Reel Reviews | Jupiter’s Legacy

by Tim Gordon

In an alternate world, two generations of superheroes grapple with the past and future in the upcoming Netflix series, Jupiter’s Legacy.

The multi-story series follows the world’s first superheroes, who received their powers in the 1930s. In the present day, they are the revered elder guard, but their superpowered children struggle to live up to the legendary feats of their parents. Created by Steven S. DeKnight, based on the comic book series by Mark Millar and Frank Quitely, The series stars Josh Duhamel, Ben Daniels, Leslie Bibb, Elena Kampouris, Andrew Horton, Mike Wade, and Matt Lanter.

With the popularity of the Marvel Cinematic Universe and the overwhelming name recognition of DC Comics galaxy of stars, we have been inundated with a variety of superheroes and their lives. That’s not counting recent films and series, such as Watchman, Invincible, Hancock, and The Boys as well as others that operate outside of more established universes. Jupiter’s Legacy is the latest group to join the fray is the series. Influenced by Star Wars, King Kong, Roman mythology, and origin stories from the Golden Age of Comics, the comic was written as creator Mark Millar’s treatise on superheroes’ connection to the American ideal.

Instead of the Justice League, this series has The Union, the original heroes who received their powers, led by The Utopian (Duhamel). Anchored by his almost fanatical pursuit to never abuse his powers for his own personal gain, he also vows to never use them to take a life. He is adamant that all members of the Union and the offspring follow this “code” or suffer his wrath. As sensibilities and villains evolve, it becomes harder for everyone to enforce.

With so much division existing today, Millar’s multi-generational superhero seeks to serve as a panacea. It begins at the dawn of The Wall Street Crash of 1929, also known as the Great Crash, which served as a tipping point plunging the country into the Great Depression. While America was struggling with how to move forward, Sheldon Sampson (Duhamel) witnesses the suicide of his father, as well as the subsequent news of his mismanagement of the family’s business.

Reeling from his misdeeds (and subsequently, haunted by his spirit), Sampson becomes obsessed with a drawing that leads him on a pilgrimage to the Midwest to uncover the source, which he hopes will help him to answer questions about his emotional and psychological well-being. Full of contradictions, the story jumps back and forth to the present where The Utopian’s son, Paragon / Brandon (Andrew Horton) is trying to live up to his father’s high-minded ideas. Still struggling to emerge from his shadow, soon he is faced with an almost impossible choice and the fallout makes him re-evaluate his future in the Union.

The same can’t be said for his rebellious sister, Chloe (Kampouris) who resents both her physical gifts and her family, especially her father as she creates as much distance as possible between herself and the family superhero business. Spending her days modeling, getting drunk and high, she bounces around from one hook-up to the other, much to the chagrin of her father, who doesn’t quite know how to reach her.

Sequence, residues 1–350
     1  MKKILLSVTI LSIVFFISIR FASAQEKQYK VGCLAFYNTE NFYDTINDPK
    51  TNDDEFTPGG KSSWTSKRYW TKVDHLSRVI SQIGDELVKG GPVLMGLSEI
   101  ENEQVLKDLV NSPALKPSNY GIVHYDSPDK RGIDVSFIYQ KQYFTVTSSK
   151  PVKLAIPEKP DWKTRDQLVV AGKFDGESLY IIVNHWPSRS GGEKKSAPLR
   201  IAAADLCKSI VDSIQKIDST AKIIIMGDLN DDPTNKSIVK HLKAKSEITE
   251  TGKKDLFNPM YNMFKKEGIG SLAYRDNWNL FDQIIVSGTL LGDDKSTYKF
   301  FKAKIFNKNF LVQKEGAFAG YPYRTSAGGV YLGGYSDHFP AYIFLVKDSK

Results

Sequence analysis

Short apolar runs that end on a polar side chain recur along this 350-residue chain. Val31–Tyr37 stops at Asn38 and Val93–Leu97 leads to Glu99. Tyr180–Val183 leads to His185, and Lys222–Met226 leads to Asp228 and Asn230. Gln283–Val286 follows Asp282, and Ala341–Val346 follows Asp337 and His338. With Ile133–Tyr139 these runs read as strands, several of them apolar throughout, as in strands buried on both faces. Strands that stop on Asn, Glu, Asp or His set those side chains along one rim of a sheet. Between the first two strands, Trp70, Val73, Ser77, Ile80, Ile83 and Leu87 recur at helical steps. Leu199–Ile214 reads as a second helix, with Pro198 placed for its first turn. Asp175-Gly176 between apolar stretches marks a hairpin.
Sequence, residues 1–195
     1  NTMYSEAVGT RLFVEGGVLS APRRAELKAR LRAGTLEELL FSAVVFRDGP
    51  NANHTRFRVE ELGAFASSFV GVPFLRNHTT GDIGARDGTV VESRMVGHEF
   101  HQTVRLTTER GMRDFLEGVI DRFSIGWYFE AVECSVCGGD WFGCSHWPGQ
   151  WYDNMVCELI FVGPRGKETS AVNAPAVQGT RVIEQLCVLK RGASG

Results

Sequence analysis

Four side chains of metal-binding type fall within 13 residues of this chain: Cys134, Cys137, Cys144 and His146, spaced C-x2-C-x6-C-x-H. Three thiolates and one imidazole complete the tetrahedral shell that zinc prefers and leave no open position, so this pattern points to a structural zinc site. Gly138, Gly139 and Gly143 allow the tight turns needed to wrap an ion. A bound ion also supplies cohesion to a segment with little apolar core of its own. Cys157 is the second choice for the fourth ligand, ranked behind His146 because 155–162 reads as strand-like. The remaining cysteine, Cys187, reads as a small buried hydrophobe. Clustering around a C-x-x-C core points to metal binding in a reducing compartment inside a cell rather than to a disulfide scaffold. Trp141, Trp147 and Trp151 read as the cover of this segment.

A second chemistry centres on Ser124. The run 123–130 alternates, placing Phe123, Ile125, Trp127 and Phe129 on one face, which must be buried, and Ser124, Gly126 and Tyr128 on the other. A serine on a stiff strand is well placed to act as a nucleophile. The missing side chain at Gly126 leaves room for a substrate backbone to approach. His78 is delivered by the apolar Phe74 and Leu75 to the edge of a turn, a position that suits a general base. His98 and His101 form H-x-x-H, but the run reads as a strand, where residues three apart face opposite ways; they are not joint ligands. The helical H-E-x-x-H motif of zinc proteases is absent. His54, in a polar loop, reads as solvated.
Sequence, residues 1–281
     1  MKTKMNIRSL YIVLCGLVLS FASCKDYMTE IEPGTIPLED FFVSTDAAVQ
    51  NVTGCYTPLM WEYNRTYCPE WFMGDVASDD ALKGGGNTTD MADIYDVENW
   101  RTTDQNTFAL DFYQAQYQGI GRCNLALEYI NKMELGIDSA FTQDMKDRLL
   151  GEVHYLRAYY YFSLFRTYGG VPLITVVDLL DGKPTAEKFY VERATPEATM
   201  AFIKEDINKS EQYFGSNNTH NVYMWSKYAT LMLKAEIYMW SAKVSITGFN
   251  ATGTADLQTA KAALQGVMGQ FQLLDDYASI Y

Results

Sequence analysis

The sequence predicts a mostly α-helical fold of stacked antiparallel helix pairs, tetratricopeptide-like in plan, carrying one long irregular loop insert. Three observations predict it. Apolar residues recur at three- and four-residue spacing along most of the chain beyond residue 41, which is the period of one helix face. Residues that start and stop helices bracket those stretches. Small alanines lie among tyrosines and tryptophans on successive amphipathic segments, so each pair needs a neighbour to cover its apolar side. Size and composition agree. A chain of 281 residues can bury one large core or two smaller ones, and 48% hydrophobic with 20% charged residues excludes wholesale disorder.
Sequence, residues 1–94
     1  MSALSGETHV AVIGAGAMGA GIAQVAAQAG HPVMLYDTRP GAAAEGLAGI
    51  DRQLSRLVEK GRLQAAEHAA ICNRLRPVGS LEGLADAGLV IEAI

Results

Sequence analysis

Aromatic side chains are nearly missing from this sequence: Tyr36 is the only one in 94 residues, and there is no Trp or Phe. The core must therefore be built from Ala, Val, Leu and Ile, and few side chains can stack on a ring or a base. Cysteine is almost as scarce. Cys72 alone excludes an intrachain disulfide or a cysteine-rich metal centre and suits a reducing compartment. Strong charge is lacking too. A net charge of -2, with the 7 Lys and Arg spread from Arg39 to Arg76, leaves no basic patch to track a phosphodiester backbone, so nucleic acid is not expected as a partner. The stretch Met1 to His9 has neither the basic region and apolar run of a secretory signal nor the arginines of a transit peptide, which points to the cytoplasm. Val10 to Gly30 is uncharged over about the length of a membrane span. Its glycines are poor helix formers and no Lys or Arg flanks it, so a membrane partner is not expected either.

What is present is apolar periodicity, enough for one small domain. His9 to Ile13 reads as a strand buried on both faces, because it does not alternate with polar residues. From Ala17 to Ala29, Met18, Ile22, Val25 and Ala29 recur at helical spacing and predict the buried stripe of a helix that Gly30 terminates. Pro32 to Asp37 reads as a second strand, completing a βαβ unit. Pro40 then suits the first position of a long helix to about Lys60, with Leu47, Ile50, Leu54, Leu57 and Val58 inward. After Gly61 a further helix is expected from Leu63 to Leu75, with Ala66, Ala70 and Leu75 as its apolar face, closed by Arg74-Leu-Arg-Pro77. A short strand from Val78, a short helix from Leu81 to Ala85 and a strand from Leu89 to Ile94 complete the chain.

Caught in the middle of this family drama is his dutiful wife Grace / Lady Liberty (Bibb), who spends much of her time upholding her husband’s ideas, at home and at work, and serving as mentor and role model for the next generation of heroes. There is also Sheldon’s older brother, Walter / Brainwave (Daniels) is the supportive brother who serves as a sounding board for the most powerful member of the Union.

Jupiter’s Legacy reminds me of the affluent details featured in Orson Welles’ legendary Citizen Kane follow-up, The Magnificent Ambersons, which also attempted to introduce strong ideas before inevitably being re-edited and transitioning from great to good. Millar’s ideas in the hands of show creator, DeKnight and his team attempt to navigate a multitude of ideas and characters into an interesting and entertaining narrative but ultimately the story feels too vast for the palette.

One would think that given eight episodes to unspool the story, specific elements could be prioritized to create a watchable narrative. By trying to bounce the story back and forth, it creates an effect of watching a cinematic superhero tennis match and it takes us far too long to get answers to the series of fundamental questions. It feels like by the time it gets to the meat of the story, the season is over. Much like by Alan Moore and Dave Gibbons’ legendary comic, Watchmen, Jupiter’s Legacy feels like it has more time to tell its story but can’t solve many of the similar challenges that Zack Snyder dealt with adapting that story– namely, how to introduce a multitude of characters to audiences in a timely factor while laying out and executing a strong narrative.

While the series concept was appealing, the execution left much to be desired. Author Charles Dickens captured my feelings on this confounding show from the opening passage of “A Tale of Two Cities “It was the best of times, it was the worst of times, it was the age of wisdom, it was the age of foolishness.” Chock full of interesting characters with some interesting stories to tell, the popularity as well as watchability of Jupiter’s Legacy may boil down to how much patience you have and ultimately, how much you care?

Grade: C

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